A key House member yesterday said that Congress should review the large number of federal air marshals sidelined by injuries sustained while protecting passengers from another September 11-style terrorist attack.
More than 2,100, or nearly half the Federal Air Marshals Service’s peak force, have been awarded workers’ compensation claims in the past three years, according to the Labor Department.
Rep. John L. Mica, Florida Republican and chairman of the House Transportation and Infrastructure subcommittee on aviation, said he was “surprised” by the high volume of injuries.
“These are supposed to be our healthiest and most physically fit people to undertake that kind of responsibility, and the number does seem to be inordinately high,” Mr. Mica said.
Mr. Mica’s subcommittee has responsibility over the federal flight deck officers program, which arms pilots to protect airplanes from hijackings, and said he has “grandfather oversight responsibility” for the marshals.
“We will look at it, whether Homeland Security [committee] or whoever has legislative authority over the air marshals. We need to look at it, so we will check it out so that we can make sure to have those people ready and fit to do the job,” Mr. Mica said.
“I deal with pilots and flight attendants on aircraft all the time, and we don’t have that kind of record,” Mr. Mica said.
Any depletion in airline security from the marshals service would be augmented by the thousands of pilots who now carry guns, Mr. Mica said.
The Washington Times reported yesterday that 2,450 claims have been filed in the past three years for workers’ compensation, with 2,136 having been accepted, according to statistics provided by the Labor Department.
The marshals are reporting various injuries, including barotrauma and decompression sickness, which can rupture eardrums and require sinus, even brain surgery.
“They’re killing their people,” one air marshal told The Times on the condition of anonymity. “Congress needs to get involved and take a look because our health and well being is being jeopardized on a daily basis. If you have air marshals flying sick, they are not properly protecting the public.”
Calls yesterday to the House Homeland Security Committee and to the office of Rep. Peter T. King, New York Republican and panel chairman, were not returned. A Republican staffer for the Senate Commerce, Science and Transportation Committee, which has jurisdiction over TSA, said it is “unclear” whether there will be any oversight.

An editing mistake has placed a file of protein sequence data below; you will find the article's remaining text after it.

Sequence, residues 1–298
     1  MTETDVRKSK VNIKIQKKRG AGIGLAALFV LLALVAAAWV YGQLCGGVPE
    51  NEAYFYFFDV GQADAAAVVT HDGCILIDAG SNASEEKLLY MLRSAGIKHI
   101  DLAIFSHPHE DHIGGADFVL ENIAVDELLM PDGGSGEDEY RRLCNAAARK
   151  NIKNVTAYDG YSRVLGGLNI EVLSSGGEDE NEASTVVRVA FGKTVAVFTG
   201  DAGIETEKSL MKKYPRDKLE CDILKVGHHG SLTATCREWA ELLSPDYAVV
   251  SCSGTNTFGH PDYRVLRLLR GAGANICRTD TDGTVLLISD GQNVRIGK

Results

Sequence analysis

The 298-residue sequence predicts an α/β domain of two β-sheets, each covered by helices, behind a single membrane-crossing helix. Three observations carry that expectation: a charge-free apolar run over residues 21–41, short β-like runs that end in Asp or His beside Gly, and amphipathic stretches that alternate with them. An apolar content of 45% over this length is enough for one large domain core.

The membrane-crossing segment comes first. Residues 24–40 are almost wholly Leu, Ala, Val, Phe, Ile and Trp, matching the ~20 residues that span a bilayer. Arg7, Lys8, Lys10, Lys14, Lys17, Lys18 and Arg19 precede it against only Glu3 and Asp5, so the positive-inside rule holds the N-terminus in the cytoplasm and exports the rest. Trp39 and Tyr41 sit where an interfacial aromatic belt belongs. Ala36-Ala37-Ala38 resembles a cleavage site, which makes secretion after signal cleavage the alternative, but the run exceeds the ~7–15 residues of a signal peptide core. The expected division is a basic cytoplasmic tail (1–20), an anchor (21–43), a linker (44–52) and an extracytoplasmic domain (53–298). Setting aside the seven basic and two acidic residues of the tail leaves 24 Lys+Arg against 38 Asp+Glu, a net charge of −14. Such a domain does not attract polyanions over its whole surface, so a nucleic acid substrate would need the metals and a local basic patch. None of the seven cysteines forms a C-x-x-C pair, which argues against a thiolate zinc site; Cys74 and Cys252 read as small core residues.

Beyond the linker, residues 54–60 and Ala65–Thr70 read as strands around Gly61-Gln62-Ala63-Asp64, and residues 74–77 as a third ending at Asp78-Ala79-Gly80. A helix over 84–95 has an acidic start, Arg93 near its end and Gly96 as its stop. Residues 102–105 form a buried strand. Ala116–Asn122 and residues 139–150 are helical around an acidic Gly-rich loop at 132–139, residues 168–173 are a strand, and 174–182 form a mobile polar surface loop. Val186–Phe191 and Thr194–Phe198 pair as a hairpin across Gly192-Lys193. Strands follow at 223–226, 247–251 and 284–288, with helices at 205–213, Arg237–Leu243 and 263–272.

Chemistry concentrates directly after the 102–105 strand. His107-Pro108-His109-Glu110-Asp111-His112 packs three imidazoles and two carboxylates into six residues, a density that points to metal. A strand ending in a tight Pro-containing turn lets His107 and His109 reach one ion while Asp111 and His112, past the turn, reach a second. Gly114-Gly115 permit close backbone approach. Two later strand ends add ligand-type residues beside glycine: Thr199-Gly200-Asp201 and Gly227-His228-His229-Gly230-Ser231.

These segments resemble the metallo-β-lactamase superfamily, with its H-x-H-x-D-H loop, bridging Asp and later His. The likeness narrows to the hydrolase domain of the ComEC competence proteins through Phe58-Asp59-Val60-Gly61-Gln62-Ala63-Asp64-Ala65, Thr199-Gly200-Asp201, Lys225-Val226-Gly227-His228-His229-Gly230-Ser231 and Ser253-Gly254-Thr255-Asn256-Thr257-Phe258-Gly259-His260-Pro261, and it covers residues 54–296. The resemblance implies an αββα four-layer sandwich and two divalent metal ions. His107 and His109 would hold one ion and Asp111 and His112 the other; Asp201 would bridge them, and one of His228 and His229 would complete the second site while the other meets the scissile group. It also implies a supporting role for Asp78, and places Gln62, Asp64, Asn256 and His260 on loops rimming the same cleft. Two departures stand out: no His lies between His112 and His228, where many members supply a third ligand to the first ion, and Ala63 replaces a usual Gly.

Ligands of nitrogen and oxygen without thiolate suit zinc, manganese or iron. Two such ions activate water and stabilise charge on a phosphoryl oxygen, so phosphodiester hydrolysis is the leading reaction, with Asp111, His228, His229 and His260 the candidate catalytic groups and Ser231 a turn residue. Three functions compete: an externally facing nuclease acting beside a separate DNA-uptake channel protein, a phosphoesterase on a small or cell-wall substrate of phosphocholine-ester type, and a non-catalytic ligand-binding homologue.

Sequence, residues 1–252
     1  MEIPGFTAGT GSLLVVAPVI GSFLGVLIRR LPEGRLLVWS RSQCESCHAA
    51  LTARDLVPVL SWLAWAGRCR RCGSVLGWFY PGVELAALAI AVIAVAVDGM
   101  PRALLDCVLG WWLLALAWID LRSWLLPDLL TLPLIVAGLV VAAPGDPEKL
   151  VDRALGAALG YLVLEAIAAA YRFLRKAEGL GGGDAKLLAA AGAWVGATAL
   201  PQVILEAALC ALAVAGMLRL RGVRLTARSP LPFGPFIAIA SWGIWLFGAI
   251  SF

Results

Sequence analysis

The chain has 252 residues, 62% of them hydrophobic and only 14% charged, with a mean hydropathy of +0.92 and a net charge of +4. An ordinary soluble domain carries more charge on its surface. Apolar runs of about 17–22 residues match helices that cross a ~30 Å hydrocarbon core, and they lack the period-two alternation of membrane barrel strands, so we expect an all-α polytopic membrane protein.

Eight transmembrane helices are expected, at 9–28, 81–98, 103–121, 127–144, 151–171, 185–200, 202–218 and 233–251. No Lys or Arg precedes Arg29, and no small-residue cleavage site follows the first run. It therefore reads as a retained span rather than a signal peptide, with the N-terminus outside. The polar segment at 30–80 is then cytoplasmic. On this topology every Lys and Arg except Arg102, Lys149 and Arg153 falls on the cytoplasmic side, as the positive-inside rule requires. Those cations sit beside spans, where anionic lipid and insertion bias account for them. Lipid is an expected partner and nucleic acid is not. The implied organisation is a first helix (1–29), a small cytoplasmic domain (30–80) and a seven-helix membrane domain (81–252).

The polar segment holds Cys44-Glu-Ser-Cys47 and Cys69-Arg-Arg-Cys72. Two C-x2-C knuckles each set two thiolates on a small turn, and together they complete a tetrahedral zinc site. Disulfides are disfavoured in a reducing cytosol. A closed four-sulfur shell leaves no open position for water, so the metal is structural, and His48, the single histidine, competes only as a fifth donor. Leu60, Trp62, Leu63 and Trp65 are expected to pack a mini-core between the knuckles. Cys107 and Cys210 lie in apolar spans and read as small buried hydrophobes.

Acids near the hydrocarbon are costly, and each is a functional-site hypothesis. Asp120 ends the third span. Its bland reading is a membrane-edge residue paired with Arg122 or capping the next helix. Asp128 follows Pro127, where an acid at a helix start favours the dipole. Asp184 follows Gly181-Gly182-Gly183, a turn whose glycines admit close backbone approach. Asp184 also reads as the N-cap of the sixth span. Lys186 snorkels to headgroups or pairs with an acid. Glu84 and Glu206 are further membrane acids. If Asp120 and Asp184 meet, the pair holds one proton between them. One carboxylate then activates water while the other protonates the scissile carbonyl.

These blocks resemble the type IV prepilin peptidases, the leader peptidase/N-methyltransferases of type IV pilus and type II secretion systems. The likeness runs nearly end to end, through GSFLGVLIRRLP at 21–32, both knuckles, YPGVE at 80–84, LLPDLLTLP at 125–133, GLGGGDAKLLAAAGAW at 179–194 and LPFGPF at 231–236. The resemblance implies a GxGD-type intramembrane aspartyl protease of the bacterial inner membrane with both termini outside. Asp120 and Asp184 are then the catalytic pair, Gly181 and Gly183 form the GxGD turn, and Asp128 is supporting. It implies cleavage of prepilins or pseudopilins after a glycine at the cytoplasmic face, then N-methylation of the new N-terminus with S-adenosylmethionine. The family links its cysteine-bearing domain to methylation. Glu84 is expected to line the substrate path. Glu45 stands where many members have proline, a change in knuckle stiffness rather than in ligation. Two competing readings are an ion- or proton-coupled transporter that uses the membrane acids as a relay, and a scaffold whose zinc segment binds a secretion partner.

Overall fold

In a written rebuttal provided last night, the Transportation Security Administration disputed The Times’ report as “inaccurate” and “misleading.”
“The health of the workforce has been and continues to be a major focus of the Federal Air Marshals Service,” the statement said.
“Only 48 claimants remain off work and are in receipt of benefits due to wage loss from workers’ compensation claims,” the statement said.
But marshals say the reason for the small number of off-work claimants is that the typical injuries make marshals unable to fly frequently. Such a marshal cannot fulfill the mission for which he was hired, and he thus can be fired.
Shawn McCullers, who was fired after developing deep-vein thrombosis, said many marshals are afraid to make medical claims for fear of dismissal.
“Orthopedic and barotrauma injuries, are the most common reported by the workforce,” the TSA said. “Deep vein thrombosis is an extremely rare condition and less than a handful of cases have been reported.”
The TSA also disputes how much flight time air marshals are assigned — officially, five hours a day with 12 hours downtime between each flight and only 15 days a month.
“That’s a lie,” the air marshal said. “I would love to fly only 15 days a month.”
Don Strange, former special agent in charge of the Atlanta field office until last year, was puzzled by TSA’s statement that marshals only cover two flights a day.
“When I was there, the guys flew three legs a day, now they are flying four a day,” Mr. Strange said.